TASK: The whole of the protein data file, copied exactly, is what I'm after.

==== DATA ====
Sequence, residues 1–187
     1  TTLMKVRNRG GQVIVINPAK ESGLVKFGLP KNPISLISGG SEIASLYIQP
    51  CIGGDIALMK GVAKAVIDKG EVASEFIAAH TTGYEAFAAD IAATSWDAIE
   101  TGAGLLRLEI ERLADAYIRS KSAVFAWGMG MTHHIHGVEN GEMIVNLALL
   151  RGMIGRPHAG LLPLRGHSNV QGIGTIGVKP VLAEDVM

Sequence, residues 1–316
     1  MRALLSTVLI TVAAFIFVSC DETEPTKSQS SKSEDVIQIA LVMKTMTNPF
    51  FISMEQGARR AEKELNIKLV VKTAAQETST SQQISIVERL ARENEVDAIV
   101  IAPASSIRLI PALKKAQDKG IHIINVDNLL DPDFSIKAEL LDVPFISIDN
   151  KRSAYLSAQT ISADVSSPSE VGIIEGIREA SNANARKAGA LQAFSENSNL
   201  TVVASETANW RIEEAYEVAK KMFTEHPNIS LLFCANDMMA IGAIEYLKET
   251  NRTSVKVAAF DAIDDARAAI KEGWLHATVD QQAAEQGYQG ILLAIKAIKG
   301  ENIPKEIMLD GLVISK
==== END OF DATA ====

Sequence, residues 1–187
     1  TTLMKVRNRG GQVIVINPAK ESGLVKFGLP KNPISLISGG SEIASLYIQP
    51  CIGGDIALMK GVAKAVIDKG EVASEFIAAH TTGYEAFAAD IAATSWDAIE
   101  TGAGLLRLEI ERLADAYIRS KSAVFAWGMG MTHHIHGVEN GEMIVNLALL
   151  RGMIGRPHAG LLPLRGHSNV QGIGTIGVKP VLAEDVM

Sequence, residues 1–316
     1  MRALLSTVLI TVAAFIFVSC DETEPTKSQS SKSEDVIQIA LVMKTMTNPF
    51  FISMEQGARR AEKELNIKLV VKTAAQETST SQQISIVERL ARENEVDAIV
   101  IAPASSIRLI PALKKAQDKG IHIINVDNLL DPDFSIKAEL LDVPFISIDN
   151  KRSAYLSAQT ISADVSSPSE VGIIEGIREA SNANARKAGA LQAFSENSNL
   201  TVVASETANW RIEEAYEVAK KMFTEHPNIS LLFCANDMMA IGAIEYLKET
   251  NRTSVKVAAF DAIDDARAAI KEGWLHATVD QQAAEQGYQG ILLAIKAIKG
   301  ENIPKEIMLD GLVISK